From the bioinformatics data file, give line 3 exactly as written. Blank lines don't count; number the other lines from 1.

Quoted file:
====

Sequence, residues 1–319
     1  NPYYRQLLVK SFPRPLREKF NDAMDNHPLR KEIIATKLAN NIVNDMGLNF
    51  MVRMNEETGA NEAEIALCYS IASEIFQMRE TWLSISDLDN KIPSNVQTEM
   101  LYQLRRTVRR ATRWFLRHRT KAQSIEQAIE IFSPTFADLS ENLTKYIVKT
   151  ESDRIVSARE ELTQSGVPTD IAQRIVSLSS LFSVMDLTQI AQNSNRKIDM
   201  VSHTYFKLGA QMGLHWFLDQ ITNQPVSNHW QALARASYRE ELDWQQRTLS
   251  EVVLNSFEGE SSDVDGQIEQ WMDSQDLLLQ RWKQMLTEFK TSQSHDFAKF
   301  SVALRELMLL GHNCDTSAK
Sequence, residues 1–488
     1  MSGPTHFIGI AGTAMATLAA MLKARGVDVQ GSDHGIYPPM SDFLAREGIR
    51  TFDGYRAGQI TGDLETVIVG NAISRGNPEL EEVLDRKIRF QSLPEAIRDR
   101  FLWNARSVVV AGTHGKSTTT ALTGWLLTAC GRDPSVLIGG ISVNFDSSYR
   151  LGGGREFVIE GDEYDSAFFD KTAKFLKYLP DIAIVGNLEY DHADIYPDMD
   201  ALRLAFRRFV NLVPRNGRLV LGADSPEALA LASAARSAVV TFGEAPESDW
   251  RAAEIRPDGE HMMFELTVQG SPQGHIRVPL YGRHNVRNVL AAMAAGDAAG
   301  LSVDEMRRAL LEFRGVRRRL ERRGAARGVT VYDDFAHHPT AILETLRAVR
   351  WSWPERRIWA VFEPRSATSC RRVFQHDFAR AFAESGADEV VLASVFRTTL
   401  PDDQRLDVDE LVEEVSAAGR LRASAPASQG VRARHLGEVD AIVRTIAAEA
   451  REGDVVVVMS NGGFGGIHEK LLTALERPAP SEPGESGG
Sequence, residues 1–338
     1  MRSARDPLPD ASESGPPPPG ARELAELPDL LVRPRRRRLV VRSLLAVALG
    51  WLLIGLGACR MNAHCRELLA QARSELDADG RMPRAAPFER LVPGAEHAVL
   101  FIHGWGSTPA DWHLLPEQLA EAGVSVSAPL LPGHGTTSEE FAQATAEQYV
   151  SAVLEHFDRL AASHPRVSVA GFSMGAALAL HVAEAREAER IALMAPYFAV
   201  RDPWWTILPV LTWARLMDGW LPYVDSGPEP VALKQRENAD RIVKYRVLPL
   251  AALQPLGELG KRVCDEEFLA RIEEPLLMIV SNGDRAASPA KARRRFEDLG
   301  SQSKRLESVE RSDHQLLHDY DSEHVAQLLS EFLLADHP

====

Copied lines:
    51  MVRMNEETGA NEAEIALCYS IASEIFQMRE TWLSISDLDN KIPSNVQTEM